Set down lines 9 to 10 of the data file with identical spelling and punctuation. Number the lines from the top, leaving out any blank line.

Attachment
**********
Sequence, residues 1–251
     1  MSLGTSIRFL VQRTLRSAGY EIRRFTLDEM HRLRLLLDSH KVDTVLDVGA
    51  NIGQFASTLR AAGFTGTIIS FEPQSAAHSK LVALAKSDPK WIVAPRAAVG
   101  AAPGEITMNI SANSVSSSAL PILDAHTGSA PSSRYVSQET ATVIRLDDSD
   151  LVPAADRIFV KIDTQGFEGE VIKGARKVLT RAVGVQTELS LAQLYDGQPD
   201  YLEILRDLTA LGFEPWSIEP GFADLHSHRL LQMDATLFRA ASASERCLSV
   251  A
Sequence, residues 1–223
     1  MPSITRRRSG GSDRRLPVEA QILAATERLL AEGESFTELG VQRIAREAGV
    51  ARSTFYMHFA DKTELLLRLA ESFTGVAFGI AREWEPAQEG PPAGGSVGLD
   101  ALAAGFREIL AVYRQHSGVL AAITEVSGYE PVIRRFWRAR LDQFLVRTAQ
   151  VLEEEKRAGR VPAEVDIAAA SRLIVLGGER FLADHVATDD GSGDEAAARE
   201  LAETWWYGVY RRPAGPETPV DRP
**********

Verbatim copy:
     1  MPSITRRRSG GSDRRLPVEA QILAATERLL AEGESFTELG VQRIAREAGV
    51  ARSTFYMHFA DKTELLLRLA ESFTGVAFGI AREWEPAQEG PPAGGSVGLD